Woodpecker damage to buildings is a relatively infrequent problem nation-wide, but may be significant regionally and locally. Houses or buildings with wood exteriors in suburbs near wooded areas or in rural woodpecker settings are most apt to suffer pecking and hole damage. Generally, damage to a building involves only one or two birds, but it may involve six or eight during a season. Most of the damage occurs from February through June, which corresponds with the breeding season and the period of territory establishment.
The following species of woodpeckers are most generally involved in damaging homes or other wooded, humanmade structures.
In most cases it is illegal to destroy the offending bird without a permit, however, there are repellents that can in most cases reduce or eliminate damage to homes. See repellents on main page of site.:
Common Name Scientific Name
Red-Headed Melanerpes erythrocephalus
Acorn Melanerpes formicivorus
Golden-fronted Melanerpes aurifrons
Red-bellied Melanerpes carolinus
Ladder-backed Picoides scolaris
Downy Picoides pubescens
Hairy Picoides villosus
Red-cockaded Picoides borealis
Northern flicker Colaptes auratus
Pileated Dryocopus pileatus
Woodpeckers can be particularly destructive to summer or vacation homes that are vacant during part of the year, since their attacks often go undetected until serious damage has occurred. For the same reason, barns and other wooden outbuildings may also suffer severe damage.
Damage to wooden buildings may take one of several forms. Holes may be drilled into wood siding, eaves, window frames, and trim boards. Woodpeckers prefer cedar and redwood siding, but will damage pine, fir, cypress, and others when the choices are limited. Natural or stained wood surfaces are preferred over painted wood, and newer houses in an area are often primary targets. Particularly vulnerable to damage are rustic-appearing, channeled (grooved to simulate reverse board and batten) plywoods with cedar or redwood veneers. Imperfections (core gaps) in the intercore plywood layers exposed by the vertical grooves may harbor insects. The woodpeckers often break out these core gaps, leaving characteristic narrow horizontal damage patterns in their search for insects.
If a suitable cavity results from woodpecker activities, it may also be used for roosting or nesting.
The acorn woodpecker, found in the West and Southwest, is responsible for drilling closely spaced holes just large enough to accommodate one acorn each. Wedging acorns between or beneath roof shakes filling unscreened rooftop plumbing vents with acorns are also common activities.
Relatively new damage problems are arising where damage-susceptible materials such as plastic are used for rooftop water-heating solar panels or where electrical solar panels are used. Woodpeckers have also reportedly damaged elevated plastic irrigation lines in several vineyards in California.
Widespread damage from nest cavities and acorn holes in utility poles in some regions has necessitated frequent and costly replacement of weakened poles. Similar damage to wooden fence posts can also be a serious problem for some farmers and ranchers. Occasionally, woodpeckers learn that beehives offer an extraordinary food resource and drill into them.
Drumming, the term given to the sound of pecking in rapid rhythmic succession on metal or wood, causes little damage other than possible paint removal on metal surfaces; however, the noise can often be heard throughout the house and becomes quite annoying, especially in the early morning hours when occupants are still asleep. Drumming is predominantly a springtime activity. Drumming substrates are apparently selected on the basis of the resonant qualities. They often include metal surfaces such as metal gutters, downspouts, chimney caps, TV antennas, rooftop plumbing vents, and metal roof valleys. Drumming may occur a number of times during a single day, and the activity may go on for some days or months. Wood surfaces may be disfigured from drumming but the damage may be severe.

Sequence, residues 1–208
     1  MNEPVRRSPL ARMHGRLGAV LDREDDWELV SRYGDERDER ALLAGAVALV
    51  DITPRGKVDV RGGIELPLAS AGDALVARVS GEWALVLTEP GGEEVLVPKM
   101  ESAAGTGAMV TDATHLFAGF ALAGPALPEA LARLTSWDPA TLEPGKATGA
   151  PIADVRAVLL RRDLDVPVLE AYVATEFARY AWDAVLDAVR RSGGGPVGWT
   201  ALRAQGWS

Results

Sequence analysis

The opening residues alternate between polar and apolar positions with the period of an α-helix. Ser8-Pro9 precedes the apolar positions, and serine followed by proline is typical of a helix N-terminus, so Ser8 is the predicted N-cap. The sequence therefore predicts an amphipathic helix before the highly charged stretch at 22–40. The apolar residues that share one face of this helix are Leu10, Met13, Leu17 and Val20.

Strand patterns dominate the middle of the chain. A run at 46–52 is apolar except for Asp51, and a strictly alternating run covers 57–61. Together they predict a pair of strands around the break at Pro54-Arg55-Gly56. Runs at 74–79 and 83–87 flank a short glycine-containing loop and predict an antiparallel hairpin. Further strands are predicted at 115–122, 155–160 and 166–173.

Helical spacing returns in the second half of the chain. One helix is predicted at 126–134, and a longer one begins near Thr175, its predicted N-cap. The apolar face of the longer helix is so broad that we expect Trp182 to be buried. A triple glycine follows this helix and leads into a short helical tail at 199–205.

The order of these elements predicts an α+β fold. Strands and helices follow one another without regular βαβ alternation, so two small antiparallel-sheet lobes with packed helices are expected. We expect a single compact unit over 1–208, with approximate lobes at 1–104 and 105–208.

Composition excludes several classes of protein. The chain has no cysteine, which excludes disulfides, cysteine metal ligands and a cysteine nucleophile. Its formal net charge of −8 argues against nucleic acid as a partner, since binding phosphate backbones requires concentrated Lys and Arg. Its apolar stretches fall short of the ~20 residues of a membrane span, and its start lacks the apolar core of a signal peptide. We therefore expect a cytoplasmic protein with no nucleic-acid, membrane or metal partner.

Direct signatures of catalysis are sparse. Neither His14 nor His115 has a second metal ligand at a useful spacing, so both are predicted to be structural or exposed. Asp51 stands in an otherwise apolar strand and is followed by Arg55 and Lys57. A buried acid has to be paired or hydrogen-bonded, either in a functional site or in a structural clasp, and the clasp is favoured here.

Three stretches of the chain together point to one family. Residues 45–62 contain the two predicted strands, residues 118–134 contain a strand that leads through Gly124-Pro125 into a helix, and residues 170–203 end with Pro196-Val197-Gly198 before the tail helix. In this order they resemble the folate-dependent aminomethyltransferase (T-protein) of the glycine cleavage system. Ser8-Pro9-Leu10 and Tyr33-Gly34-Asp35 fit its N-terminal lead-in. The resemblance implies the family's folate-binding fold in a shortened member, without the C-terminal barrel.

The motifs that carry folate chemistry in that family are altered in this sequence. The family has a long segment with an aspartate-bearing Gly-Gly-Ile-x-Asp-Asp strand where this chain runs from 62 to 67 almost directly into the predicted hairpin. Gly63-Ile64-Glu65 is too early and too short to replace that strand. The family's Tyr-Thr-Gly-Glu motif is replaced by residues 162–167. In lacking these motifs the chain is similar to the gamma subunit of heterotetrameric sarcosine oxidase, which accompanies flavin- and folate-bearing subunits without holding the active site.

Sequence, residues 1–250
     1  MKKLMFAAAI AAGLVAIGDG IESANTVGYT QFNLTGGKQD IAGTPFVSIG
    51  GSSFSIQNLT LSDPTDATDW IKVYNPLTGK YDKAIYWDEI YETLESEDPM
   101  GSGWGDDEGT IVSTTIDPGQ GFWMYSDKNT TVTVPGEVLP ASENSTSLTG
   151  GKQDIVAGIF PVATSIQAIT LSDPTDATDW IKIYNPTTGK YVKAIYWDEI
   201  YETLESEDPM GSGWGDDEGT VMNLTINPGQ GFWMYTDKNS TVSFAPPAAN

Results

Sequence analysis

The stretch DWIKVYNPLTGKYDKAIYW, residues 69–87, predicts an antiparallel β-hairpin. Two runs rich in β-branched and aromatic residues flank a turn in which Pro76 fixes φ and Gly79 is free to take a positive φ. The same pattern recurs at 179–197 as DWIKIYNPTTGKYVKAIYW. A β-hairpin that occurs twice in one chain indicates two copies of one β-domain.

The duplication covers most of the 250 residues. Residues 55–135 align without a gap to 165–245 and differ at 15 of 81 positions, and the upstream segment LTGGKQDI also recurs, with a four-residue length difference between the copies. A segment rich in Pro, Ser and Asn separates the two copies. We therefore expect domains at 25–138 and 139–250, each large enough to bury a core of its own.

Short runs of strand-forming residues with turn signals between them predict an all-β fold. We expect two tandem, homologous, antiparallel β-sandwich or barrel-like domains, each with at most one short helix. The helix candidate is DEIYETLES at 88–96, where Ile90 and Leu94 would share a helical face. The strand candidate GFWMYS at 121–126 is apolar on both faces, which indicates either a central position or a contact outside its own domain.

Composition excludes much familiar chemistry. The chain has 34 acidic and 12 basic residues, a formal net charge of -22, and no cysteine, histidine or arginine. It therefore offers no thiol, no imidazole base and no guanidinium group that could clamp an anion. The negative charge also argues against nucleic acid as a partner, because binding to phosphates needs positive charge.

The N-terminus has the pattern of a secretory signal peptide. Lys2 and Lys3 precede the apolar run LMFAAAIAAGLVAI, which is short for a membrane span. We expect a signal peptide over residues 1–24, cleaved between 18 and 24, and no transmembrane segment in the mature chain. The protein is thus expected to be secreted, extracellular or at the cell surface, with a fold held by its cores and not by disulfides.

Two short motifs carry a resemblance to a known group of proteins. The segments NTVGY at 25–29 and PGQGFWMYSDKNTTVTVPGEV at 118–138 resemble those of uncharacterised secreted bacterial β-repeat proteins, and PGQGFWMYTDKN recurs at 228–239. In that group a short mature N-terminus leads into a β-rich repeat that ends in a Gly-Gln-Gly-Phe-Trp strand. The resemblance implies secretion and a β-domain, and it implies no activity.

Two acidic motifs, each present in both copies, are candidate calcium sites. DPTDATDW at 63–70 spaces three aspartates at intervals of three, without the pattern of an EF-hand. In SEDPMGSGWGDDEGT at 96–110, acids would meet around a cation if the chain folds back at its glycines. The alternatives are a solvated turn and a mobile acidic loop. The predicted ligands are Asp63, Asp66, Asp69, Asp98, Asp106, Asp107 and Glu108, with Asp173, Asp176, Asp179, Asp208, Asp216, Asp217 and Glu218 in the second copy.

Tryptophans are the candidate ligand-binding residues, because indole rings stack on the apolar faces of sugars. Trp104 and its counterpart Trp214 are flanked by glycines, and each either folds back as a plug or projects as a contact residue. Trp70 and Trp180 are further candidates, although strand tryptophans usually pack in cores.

Sapsuckers bore a series of parallel rows of 1/4 to 3/8 inch (0.6 to 1.0 cm) closely spaced holes in the bark of limbs or trunks of healthy trees and use their tongues to remove the sap. The birds usually feed on a few favorite ornamental or fruit trees. Nearby trees of the same species may be untouched. Holes may be enlarged through continued pecking or limb growth, and large patches of bark may be removed or sloughed off. At times, limb and trunk girdling may kill the tree.
On forest trees, the wounds of attacked trees may attract insects as well as porcupines or tree squirrels. Feeding wounds also serve as entrances for diseases and wood decaying organisms. Wood-staining fungi and bacteria may also enter the wounds, reducing the quality of the wood when cut. Woodpecker damage to hardwood trees can be costly. Wounds cause a grade deficit called “bird peck” that lowers the value of hardwoods. Damage occurs to both commercial hardwoods and softwoods. Certain tree species are preferred over others, but the list of susceptible trees is extensive.
As mentioned previously, vegetable matter makes up a good portion of the food of some woodpeckers, and native fruits and nuts play and important role in their diet. Cultivated fruits and nuts may also be consumed. Birds involved in orchard depredation are often so few in number that damage is limited to only a small percentage of the crop. The crop of a couple of isolated backyard fruit or nut trees may, however, be severely reduced prior to harvest.
In recent times, controls against woodpeckers to protect commercial crops have only rarely been necessary. Published accounts suggest that these isolated instances occurred mostly in the fruit-growing states of the far West where the Lewis woodpecker, whose flocks may number several hundred, is often implicated.